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The BBC's Jeremy Bowen
"The military pressure isn't over yet"
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Hezbollah spokesman Hussein Naboulsi
"The Lebanese people sacrificed a lot"
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Tuesday, 23 May, 2000, 21:52 GMT 22:52 UK
Chaos in south Lebanon
Lebanese queue to enter Israel
Panic has spread among Christians fearing reprisals
Israeli forces are speeding up their withdrawal from south Lebanon as Hezbollah fighters advance ever closer to the border.

News agencies in the region report that Israeli troops are blowing up their former key bases at they retreat to Israel.

Hezbollah has swept south by car and on foot in the wake of the retreat, following the now almost total collapse of Israel's allied militia, the South Lebanon Army (SLA).

Fierce fighting has been reported in several places close to the Israeli border and Lebanese villagers have overrun the notorious Khiam prison, freeing inmates.

The exodus began after Israeli Prime Minister Ehud Barak said his army would complete its withdrawal from south Lebanon within the next few days - several weeks ahead of schedule.


Our Correspondent Nick Childs on the Israeli border near Metullah says there have been extremes of emotion on display as the Israeli pull-out continued and accelerated in confusion.

For many Israeli soldiers, there was relief that the unhappy South Lebanon occupation was coming to an end.

But there was also fear on the faces of the refugees, many militiamen from the Israeli-sponsored South Lebanon Army and their families, also desperate to head south.

There is no escaping the sense of shock and some humiliation on this side of the border at the rapid unfolding of events.

Israel has now withdrawn from two-thirds of the zone that it occupied for more than 20 years.

SLA members have either been surrendering to Lebanese forces, joining those seeking asylum or simply returning to their own villages.

22 year tragedy
First Israeli invasion
Israel seizes Beirut
Palestinians killed at Sabra and Shatila
Security zone set up
S Lebanon emptied by Israeli blitz
Israel's "Operation Grapes of Wrath"
"April ceasefire"
Barak pledges July 2000 pullout

A further indication of the SLA collapse came when more than 100 villagers stormed Khiam jail.

They freed 130 Lebanese prisoners held without charge or trial for up to 15 years.

In northern Israel, residents have been ordered into bomb shelters following warnings from Hezbollah that it will continue its actions against Israel.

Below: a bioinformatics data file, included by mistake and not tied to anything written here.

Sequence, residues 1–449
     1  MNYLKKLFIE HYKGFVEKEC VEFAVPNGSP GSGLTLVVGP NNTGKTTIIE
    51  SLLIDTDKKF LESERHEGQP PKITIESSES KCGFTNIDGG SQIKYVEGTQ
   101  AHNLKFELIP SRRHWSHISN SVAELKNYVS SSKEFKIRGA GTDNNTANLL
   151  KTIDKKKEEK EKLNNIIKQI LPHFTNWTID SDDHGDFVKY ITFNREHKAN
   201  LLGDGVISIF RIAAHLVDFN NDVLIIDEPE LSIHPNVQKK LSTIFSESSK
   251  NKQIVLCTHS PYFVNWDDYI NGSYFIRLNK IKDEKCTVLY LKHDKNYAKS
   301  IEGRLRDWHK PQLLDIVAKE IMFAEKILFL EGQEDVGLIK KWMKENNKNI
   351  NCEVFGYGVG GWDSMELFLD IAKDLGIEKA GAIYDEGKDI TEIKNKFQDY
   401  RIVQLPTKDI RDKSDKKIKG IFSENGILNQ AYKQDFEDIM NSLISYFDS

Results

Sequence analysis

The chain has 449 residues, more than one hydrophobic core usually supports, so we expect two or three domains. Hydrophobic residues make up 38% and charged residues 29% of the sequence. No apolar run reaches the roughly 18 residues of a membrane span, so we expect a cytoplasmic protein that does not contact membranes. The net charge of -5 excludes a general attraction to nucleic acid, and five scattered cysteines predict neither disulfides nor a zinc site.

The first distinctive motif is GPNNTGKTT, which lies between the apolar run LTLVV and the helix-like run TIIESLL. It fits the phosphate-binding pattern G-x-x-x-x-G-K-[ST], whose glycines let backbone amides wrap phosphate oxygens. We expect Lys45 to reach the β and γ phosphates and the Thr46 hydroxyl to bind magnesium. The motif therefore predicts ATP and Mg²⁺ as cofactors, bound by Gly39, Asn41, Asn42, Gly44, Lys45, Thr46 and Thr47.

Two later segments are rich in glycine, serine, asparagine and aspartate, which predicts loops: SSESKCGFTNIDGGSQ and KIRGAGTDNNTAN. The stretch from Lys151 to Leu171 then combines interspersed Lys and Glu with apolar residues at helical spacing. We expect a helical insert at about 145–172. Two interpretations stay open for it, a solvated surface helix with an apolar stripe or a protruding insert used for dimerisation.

Its threat brought a warning from the Israeli Chief of Staff, Shaul Mofaz, that the military would be prepared to attack Syrian targets in Lebanon to ensure calm along its border after the withdrawal is complete.

Syria, the main power broker in Lebanon where it has some 35,000 troops, supports the Shi'a Muslim Hezbollah which has led resistance to Israel's so-called security zone.

Jubilant Lebanese

Meanwhile, there is jubilation in south Lebanon where civilians are now returning to reclaim villages and homes they left during the long conflict.

Israel's security cabinet on Monday night gave Mr Barak powers to speed up the process - due to be completed by 7 July - in response to the rapid disintegration of Israel's client militia, the South Lebanon Army (SLA).

"This tragedy is over," Mr Barak told army radio on Tuesday.
Israeli armoured vehicles
Israeli troops are fast abandoning their positions

About 120 Israeli troops left one of their main bases, Bint Jbail, under cover of darkness on Monday night, completely evacuating the western sector of the buffer zone.

Jubilant Hezbollah fighters and supporters entered the town shortly afterwards, waving flags and shouting slogans.

Scores of SLA militiamen are also reported to have been surrendering in the zone's eastern sector.

About 1,000 SLA fighters and their families are already reported to have entered Israel, and been taken by bus to a special transit camp on the shores of Lake Galilee.

An Interior Ministry spokesman said Israel would grant visas to up to 2,000 SLA fighters and relatives.

Little bloodshed

Much of the transfer of territory has taken place without bloodshed, but as many as six Lebanese civilians have been killed in SLA gunfire.

Latest reports say Hezbollah fighters have now entered the town of Naqoura, the headquarters of the UN peacekeeping force, Unifil, in southern Lebanon.

Unifil troops barricaded themselves inside their compound for safety.

UN Secretary-General Kofi Annan had earlier warned that the turmoil in Lebanon could jeopardise UN peacekeeping plans.

He had hoped to boost the peacekeeping force to nearly 8,000 troops, but warned that if the conflicting sides did not exercise restraint, UN troops would be withdrawn completely.

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See also:

23 May 00 | Middle East
Analysis: Role of the SLA
23 May 00 | Middle East
In pictures: Infamous prison stormed
23 May 00 | Middle East
Uneasy calm in southern Lebanon
23 May 00 | Middle East
Analysis: What next in Lebanon?
23 May 00 | Middle East
BBC driver killed in Lebanon
23 May 00 | Middle East
In pictures: Israel pulls out
22 May 00 | Middle East
Annan warns of UN withdrawal
22 May 00 | Middle East
Arab concern over Israeli pullout
21 May 00 | Middle East
Israel and Hezbollah exchange fire
23 May 00 | Middle East
Hezbollah chief warns Israel
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